Students wishing to propose a major in CWL should follow the guidelines below to create a curriculum that offers both depth and breadth in the field. The following are guidelines only and can be adapted to fit the student’s needs and interests.
CWL Majors should acquire depth in at least two languages and literatures. Ordinarily, students will work in MLL and English. In certain cases they can combine courses from Classics and MLL or English. Students should take at least four classes in English and four classes in a foreign literature. At least half of these classes should be at the 300 level. (8 classes)
Students should give some thought to breadth in either English or the foreign language and culture. In other words, they should consider coverage of the following periods when designing their course schedule: Medieval, Renaissance, Romanticism, Realism, Modernism, and Contemporary. They should also give thought to breadth of genre—i.e. lyric, epic, drama, and the novel. (1 to 2 additional classes to achieve breadth)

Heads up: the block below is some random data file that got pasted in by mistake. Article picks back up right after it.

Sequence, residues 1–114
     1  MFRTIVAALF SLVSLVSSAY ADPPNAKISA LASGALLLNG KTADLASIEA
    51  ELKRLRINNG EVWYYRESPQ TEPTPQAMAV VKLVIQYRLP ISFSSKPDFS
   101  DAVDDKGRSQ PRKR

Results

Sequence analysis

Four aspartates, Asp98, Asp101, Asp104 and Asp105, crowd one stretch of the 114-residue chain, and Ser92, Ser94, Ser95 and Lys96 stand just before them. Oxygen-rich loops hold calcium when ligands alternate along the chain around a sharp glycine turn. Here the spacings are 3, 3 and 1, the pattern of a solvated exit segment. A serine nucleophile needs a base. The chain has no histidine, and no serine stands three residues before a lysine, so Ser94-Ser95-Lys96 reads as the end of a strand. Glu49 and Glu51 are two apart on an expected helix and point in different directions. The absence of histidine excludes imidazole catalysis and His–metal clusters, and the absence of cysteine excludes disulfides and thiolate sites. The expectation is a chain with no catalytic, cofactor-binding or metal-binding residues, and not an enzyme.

In addition to these courses in MLL and English, students should take courses that stress comparative approaches to the study of literature. CWL 215, CWL 318, and CWL 333 are strongly recommended. CWL 220 and 400 are required. (5 classes)
Along with work in at least two literatures, CWL majors should consider developing a third field of study. That field could be: History and Literature, Philosophy and Literature, Religion and Literature, Psychoanalysis and Literature, Literature and the Other Arts (i.e. music or visual arts), Film, Women and Gender Studies, Narrative Studies, Theory, or Translation Studies. Alternatively, a student could pursue greater depth in a genre or period. (2 classes)
In consultation with advisers, students should select works from each of the following four categories listed below to develop a reading list for senior comprehensive exams:
Novel, Short Story, Epic
The senior exercise should connect at least two of the three fields outlined above (the two literatures and an additional field of study). Ideally, the project will demonstrate added focus by centering on a period, a genre, or a theoretical concern or approach.